What You Missed in the 12th Republican Debate

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Republican Presidential Candidates Debate In Miami Area
Thanks for the often terrifying memories. Photo: Joe Raedle/2016 Getty Images

For about an hour tonight, it looked like the final installment in this election’s completely bonkers series of GOP debates would be a letdown. Donald Trump was clearly out to prove that he’d be the most presidential commander-in-chief since Abraham Lincoln, and it seemed Ted Cruz, Marco Rubio, and John Kasich have given up. Rather than hurling childish insults at each other, the candidates engaged in a boring discussion on topics including Social Security, trade, and the economy. Afterward, Republicans patted themselves on the back for holding their most substantive debate yet, but as Vox explains, “the things the candidates actually said were, by turns, wrong, misleading, misinformed, confused, or ridiculous.”

Things got more entertaining toward the end, as the candidates bungled points about math and science, knocked the Trump pledge that’s been compared to the Nazi salute, and failed to condemn the reported incidents of violence at the front-runner’s rallies. Actually, “entertaining” isn’t really the right word. Let’s go with “alarming.” Here are the highs and lows.

Biggest Sign That the Republican Party Is in Trouble
Republican National Committee Chairman Reince Priebus kicked off the night by declaring, “I want to get something really clear, because there’s been a lot of talk about this. This party is going to support the nominee, whoever that is, 100 percent. There’s no question about that.” The fact that he felt that needed to be said does not instill confidence.

Most Surprising Revelation About Ben Carson
Shortly before the debate began, there were reports that Carson would endorse Trump on Friday morning. What we didn’t know is that Trump is “going to have Ben very involved with education, something that’s an expertise of his.” We just assumed Trump promised him surgeon general.

Shrewdest Argument Against Trump’s Claim That “Islam Hates Us”
Trump doubled down on his remark to CNN this week, saying “there’s tremendous hatred” coming from the Islamic world. When asked to respond, Rubio noted that many American-Muslims have fought and died for their country, and we need to be able to work with our Muslim allies around the world. And in case that doesn’t elicit sympathy from GOP voters, he argued that Trump’s attacks on Muslims are endangering Christian missionaries working overseas.

Proof That Rambling About Deals and Lawsuits Can’t Solve Every Problem
When asked to elaborate on his policy toward Cuba, Trump said he’d close the U.S. embassy in Havana, and “we have to make a good deal and we have to get rid of all the litigation that’s going to happen.” In one of his best debate moments, Rubio pointed out that doesn’t make any sense. “First of all, the embassy is the former consulate. It’s the same building. So it could just go back to being called a consulate,” Rubio said. “Second of all, I don’t know where Cuba is going to use, but if they sue us in a court in Miami, they’re going to lose.”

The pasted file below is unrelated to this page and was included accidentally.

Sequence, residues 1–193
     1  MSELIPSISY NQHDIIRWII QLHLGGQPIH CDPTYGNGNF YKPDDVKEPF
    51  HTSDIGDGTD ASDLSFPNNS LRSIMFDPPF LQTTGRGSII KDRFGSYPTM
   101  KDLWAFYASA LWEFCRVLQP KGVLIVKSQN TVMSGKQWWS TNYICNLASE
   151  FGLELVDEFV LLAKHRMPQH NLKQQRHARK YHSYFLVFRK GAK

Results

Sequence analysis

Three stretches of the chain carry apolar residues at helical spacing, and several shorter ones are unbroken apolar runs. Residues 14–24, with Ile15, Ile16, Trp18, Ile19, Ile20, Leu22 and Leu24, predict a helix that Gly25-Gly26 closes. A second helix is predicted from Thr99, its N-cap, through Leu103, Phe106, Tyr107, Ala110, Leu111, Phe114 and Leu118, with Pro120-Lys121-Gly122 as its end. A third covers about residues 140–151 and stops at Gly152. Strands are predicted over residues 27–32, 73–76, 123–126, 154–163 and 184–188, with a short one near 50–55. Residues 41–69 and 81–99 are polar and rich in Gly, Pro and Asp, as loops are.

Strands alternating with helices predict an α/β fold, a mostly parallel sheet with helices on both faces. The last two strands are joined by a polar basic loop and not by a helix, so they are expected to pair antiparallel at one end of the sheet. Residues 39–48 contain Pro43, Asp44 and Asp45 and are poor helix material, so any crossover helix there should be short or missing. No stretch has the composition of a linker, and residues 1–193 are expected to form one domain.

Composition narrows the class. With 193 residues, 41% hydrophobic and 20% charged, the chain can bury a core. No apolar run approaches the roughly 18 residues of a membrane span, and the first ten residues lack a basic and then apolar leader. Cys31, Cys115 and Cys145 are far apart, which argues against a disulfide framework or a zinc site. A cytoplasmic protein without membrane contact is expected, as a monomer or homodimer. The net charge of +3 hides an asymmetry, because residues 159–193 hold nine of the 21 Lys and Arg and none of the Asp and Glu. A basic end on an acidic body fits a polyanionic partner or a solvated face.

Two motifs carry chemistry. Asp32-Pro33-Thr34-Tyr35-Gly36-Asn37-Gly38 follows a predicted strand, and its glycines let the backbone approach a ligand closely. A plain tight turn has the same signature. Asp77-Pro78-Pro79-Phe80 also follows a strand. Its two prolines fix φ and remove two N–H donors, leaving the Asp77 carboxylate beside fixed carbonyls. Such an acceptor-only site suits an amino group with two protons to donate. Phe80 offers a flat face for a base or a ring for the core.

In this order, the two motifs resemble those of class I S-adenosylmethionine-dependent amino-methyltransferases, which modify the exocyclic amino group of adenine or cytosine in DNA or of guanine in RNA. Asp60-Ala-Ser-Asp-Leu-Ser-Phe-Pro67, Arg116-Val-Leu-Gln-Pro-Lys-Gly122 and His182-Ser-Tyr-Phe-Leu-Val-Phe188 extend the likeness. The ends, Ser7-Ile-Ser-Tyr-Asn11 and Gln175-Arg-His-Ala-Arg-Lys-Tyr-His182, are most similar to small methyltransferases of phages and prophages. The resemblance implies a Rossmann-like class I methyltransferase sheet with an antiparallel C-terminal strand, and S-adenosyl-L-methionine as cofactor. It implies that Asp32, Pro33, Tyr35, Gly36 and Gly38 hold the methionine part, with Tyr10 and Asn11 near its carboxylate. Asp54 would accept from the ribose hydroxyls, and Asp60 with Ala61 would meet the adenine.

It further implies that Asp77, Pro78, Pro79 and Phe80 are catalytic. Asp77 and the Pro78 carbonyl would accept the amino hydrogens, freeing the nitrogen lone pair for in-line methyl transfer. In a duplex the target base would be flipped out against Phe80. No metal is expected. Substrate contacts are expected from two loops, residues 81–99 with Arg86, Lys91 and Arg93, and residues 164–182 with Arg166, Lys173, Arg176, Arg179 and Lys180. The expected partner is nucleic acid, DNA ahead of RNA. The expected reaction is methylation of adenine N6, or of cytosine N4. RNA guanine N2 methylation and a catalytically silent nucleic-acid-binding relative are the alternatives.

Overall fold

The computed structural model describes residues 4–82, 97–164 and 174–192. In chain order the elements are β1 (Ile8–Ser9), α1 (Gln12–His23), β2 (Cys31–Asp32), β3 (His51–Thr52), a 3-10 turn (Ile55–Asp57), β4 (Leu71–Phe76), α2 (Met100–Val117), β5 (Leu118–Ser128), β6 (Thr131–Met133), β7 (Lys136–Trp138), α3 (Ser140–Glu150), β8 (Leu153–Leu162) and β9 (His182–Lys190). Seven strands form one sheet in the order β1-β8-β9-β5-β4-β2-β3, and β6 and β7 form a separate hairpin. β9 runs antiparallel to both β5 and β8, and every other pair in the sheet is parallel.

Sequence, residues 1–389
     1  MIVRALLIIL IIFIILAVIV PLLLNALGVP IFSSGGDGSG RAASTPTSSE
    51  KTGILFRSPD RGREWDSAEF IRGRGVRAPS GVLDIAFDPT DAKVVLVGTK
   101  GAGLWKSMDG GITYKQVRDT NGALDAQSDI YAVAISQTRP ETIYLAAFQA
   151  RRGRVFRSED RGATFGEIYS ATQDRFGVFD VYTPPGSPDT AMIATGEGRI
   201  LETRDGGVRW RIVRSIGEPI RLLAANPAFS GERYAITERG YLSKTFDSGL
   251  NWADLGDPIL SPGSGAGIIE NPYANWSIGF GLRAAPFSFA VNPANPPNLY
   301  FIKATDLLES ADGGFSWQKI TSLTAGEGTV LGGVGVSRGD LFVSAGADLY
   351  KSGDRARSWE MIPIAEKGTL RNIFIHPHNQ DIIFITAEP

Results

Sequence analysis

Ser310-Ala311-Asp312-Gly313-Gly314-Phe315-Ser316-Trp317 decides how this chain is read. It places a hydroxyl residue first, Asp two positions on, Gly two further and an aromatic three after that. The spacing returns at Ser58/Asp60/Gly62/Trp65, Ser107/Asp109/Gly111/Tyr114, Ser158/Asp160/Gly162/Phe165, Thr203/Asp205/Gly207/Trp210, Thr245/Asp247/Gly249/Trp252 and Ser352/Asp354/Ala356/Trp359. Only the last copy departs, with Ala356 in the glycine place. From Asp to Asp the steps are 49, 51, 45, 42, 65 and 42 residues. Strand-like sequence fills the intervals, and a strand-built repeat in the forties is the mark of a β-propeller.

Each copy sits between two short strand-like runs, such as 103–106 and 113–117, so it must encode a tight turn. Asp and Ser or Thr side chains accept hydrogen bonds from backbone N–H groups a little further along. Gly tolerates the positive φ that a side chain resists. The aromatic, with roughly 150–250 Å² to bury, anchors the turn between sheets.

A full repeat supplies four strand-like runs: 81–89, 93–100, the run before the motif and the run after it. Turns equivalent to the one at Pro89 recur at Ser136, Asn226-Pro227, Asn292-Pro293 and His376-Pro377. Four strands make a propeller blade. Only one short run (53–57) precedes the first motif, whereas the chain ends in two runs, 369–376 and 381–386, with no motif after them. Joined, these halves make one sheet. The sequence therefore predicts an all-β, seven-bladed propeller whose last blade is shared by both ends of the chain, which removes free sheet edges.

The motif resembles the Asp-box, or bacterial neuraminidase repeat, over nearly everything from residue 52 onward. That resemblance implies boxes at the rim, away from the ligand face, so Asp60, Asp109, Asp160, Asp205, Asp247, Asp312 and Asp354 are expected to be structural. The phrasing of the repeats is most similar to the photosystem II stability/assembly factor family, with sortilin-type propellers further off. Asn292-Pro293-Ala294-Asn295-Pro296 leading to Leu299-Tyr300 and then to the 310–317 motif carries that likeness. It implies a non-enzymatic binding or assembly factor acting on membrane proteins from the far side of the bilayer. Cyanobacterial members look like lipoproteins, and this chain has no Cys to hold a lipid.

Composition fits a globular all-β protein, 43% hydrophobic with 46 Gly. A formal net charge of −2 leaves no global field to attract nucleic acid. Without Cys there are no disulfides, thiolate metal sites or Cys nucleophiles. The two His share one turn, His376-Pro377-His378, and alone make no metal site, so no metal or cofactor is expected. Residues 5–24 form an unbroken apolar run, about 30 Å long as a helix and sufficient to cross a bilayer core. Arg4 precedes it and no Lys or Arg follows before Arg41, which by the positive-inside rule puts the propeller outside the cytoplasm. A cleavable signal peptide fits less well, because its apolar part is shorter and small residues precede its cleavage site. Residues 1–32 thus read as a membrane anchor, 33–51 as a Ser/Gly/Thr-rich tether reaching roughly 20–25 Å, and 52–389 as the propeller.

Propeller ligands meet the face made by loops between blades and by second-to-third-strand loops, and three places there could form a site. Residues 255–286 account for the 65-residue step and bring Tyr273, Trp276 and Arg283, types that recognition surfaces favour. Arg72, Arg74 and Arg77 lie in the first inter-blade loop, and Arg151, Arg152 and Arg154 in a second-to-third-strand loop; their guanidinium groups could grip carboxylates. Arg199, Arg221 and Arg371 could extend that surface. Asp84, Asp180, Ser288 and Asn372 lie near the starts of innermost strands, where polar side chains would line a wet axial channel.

Best Argument Against Trump’s Hand-Raising Pledge, Aside From the Nazi Thing
Many people were disturbed by footage of Trump asking supporters to raise their right hands in a gesture reminiscent of the “Heil Hitler” salute, but that’s not what upset Cruz about Trump’s pledge. “I think that’s exactly backwards. This is a job interview,” Cruz said. “We are here pledging our support to you, not the other way around.”

Biggest Attack on Science
Rubio’s home state is being washed away, and the Republican mayor of Miami, who’s endorsed the senator, would like him to “acknowledge the reality of the scientific consensus about climate change” and “pledge to do something about it.” The noted non-scientist refused, as there’s “no law we could pass that would have an impact on that,” and attempting to do so would make Floridians’ electricity bills go up. Also, “America is not a planet, it’s a country.” You can’t argue with that logic.

Biggest Attack on Math
When Tapper pointed out that Kasich can only become the nominee if there’s a contested convention, he countered, “you know, math doesn’t tell the whole story in politics.” Then Trump said that whichever candidate has the most delegates should win because 1,237 delegates is an “artificial” and “random number” selected by some party big wig. It’s actually a majority, or half of the total number of delegates, plus one.

Most Frightening Response to Violence at Trump Rallies
When asked if he’s encouraging violence at his rallies, Trump said “I hope not, I hope not.” Then he went on to suggest that the alleged assaults at his event might have been justified because people come to his rallies with “tremendous passion and love for the country” and “an anger that’s unbelievable.”

That’s a pretty predictable response from Trump, but as New York’s Jonathan Chait notes, what’s truly disturbing is that the other three candidates basically agreed with him. Kasich pivoted, saying, “I worry about the violence at a rally period,” but people “are worried about their jobs.” Rubio said he’s “concerned about violence in general in this society,” which is why law-enforcement officers “deserve our respect.” The worst response came from Cruz, who said “we’ve seen for seven years a president who believes he’s above the law, who behaves like an emperor, who it is all about him and he forgot that he’s working for the American people.” So somehow people getting roughed up at Trump rallies is President Obama’s fault.

Biggest Sign Trump Is Suffering From That Memento Condition
In his post-debate recap, Trump called tonight’s affair “very elegant,” adding, “We needed this kind of a debate. We needed this kind of a tone.” If anyone can identify that un-presidential jerk who made a dick joke at the last debate, send Trump a note on Twitter.